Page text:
Hidden Gems of Rome: Vatican / Prati Neighborhood
Rome is an amazing city comprised of many different neighborhoods. Co-Owner of The Roman Guy, Sean Finelli, explains what to see and do around the Vatican City.
Link to Blog:
HIDDEN GEMS OF ROME – VATICAN NEIGHBORHOOD GUIDE
Monti - Rome Neighborhoods blog post:
Trastevere - Rome Neighborhoods:
Hey, guys. Sean here from The Roman Guy.Thanks to all your user support. We're doing yet another episode of our Neighborhood Series. Today, we're at the Vatican City.
They say that six million people per year go to the Vatican City, inside the Vatican museums alone. Where the crowds go, tourist traps tend to follow. It's really important that you know where to go, what to see, how to see it, where to eat, and obviously, where to drink.
Take a look at this map of Rome in order to get a better idea of where the Vatican City is in respect to the other attractions.
We've zoomed in here to show you what we refer to as the Vatican neighborhood which is actually part of three separate Roman neighborhoods: Prati, Borgo or Borgo Sant'Angelo which and Vaticano or the Vatican City.
Now, the main attraction is obviously the Vatican City which is a few things. Now, it's its own government, it's its own state, as well as its own religion.
The Vatican City has two points of interest.
The Saint Peter's Basilica which I was standing outside of earlier. It's free to get inside and it's amazing. 7:00 AM to 7:00 PM in the summer and 7:00 AM to 6:00 PM in the wintertime.
The second part is the Vatican Museums. Now, don't show up to Vatican Museums without anything just hoping to get inside. I mean, you will but you'll wait in line for an hour or two hours maybe three during the high season. You want to reserve a ticket beforehand which is great, you should skip most of the lines, you still might deal with some issues getting in but for the most part, you'll be set. If you want the Vatican Museums to come alive in front of your eyes, you have to do a guided tour. That's something we offer on our website as well and you can get more information once again in that blog below.
When in Italy, do as the Italians do and get your breakfast on the road. They get a cafe and cornetto, €2 max. You sit down, it's going to cost you more. This little place is right near the Metro Ottaviano on the way to the Vatican Museums, it's called Bar Giulio Cesare. This is also a great point to grab a bottle of water. Once you finish it, hold on to it.
This street, called Borgo Pio, is just a few blocks away from the Saint Peter's Basilica and the Vatican Museums. It's a little touristy but it has that Roman feel which I love. Restaurants outside with outdoor seating, pedestrian street. It's beautiful so why not. There's a restaurant called Il Mozzicone, it's a good choice for pasta.
Remember that bottle of water I told you to get before the Vatican? I told you it'd come in handy. These fountains are everywhere. This one's on Borgo Pio right at the end.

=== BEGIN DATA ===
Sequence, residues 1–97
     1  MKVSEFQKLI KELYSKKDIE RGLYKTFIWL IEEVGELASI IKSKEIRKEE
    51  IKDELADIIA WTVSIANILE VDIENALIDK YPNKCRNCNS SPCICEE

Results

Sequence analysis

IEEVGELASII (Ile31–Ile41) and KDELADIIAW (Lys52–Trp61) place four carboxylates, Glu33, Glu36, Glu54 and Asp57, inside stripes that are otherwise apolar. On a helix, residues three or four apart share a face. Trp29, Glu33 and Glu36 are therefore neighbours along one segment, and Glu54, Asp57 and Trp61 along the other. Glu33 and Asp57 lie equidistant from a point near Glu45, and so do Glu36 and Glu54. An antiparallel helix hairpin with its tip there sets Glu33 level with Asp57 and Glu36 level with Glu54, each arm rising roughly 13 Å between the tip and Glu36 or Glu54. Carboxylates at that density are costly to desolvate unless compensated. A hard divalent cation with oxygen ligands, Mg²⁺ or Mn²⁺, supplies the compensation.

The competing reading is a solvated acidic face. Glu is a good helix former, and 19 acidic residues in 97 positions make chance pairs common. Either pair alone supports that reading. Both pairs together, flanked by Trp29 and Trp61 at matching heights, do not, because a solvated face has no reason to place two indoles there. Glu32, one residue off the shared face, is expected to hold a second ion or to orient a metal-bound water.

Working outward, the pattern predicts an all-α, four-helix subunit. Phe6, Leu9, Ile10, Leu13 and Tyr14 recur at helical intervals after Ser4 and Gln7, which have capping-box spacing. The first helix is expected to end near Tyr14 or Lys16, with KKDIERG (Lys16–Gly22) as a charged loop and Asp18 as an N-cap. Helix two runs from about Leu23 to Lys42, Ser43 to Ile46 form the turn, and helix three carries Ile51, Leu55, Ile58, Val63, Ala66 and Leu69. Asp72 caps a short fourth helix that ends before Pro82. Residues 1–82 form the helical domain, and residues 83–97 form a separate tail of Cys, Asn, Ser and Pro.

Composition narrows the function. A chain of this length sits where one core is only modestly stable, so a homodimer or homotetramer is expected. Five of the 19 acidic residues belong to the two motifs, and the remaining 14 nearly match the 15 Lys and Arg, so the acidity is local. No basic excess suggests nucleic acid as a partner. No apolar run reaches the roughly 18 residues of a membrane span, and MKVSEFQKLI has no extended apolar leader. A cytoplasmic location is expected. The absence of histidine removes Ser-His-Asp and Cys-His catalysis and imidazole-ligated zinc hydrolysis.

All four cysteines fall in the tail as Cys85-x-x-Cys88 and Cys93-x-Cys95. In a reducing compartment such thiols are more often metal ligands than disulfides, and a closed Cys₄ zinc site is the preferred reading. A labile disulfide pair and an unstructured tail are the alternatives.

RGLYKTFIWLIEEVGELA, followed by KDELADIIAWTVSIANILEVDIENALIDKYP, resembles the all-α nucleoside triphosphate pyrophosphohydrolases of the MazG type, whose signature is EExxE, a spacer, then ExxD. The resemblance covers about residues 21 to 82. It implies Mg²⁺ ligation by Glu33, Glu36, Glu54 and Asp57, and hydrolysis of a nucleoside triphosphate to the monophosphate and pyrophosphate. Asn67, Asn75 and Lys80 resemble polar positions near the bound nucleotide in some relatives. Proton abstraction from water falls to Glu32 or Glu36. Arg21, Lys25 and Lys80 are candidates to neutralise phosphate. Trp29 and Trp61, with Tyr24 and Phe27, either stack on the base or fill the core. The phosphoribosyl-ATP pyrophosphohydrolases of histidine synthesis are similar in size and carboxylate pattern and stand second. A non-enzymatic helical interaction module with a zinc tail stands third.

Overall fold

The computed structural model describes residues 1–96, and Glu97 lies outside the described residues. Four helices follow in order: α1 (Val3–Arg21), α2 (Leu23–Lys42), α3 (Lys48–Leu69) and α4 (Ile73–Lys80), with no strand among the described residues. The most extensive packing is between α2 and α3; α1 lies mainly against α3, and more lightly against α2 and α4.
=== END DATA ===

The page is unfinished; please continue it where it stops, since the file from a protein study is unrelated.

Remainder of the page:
In Piazza Risorgimento, there's a sandwich shop called Duecento Gradi. They make custom sandwiches otherwise known as panino. Little fun fact, in Italian, you don't call that panini. Panini is plural so if you're going to be getting two sandwiches, you're going to go get panini. If you're going to get one, you say panino.
First and foremost, there's Dino e Toni. This place is the real deal. They have all five quintessential qualities of an authentic Roman restaurant:
1. Outdoor seating.
2. Locals eat there
3. The owners are the chefs and wait tables
4. They're old
5. They always look kind of mad
Just behind me, look at this massive wall. It's called Il Passetto Di Borgo. Now, if you're going to head to Castel Sant'Angelo, the easiest way to do it is go to the Saint Peter's Basilica, find this wall, and follow it straight to the castle.
Now, the reason it's here is because underneath it is this underground passage called Lesotho Passaggio. The pope used to use it to escape from the Vatican City in case of attack to go to the castle which is a massive fortified area.
We're here at Ponte Sant'Angelo. Right in front of the Castel Sant'Angelo. Originally, it was built in the second century AD to be the mausoleum of the Emperor Hadrian. Now, the Ponte Sant'Angelo literally means the bridge of the saint angel and it sits in front of the Castel Sant'Angelo which is the castle of saint angel.
You can see the statue of the archangel Michael on top which apparently is there because Michael came down in the middle ages and sheathed his sword on top of the Castel Sant'Angelo. That was saying that hard times in Rome were coming to an end and prosperity was to come. Today, it's a cool place to walk around and has an excellent viewpoint.
Check out the gelateria, Old Bridge.
Coin is a great one-stop shop for a lot of different Italian designers and brands.
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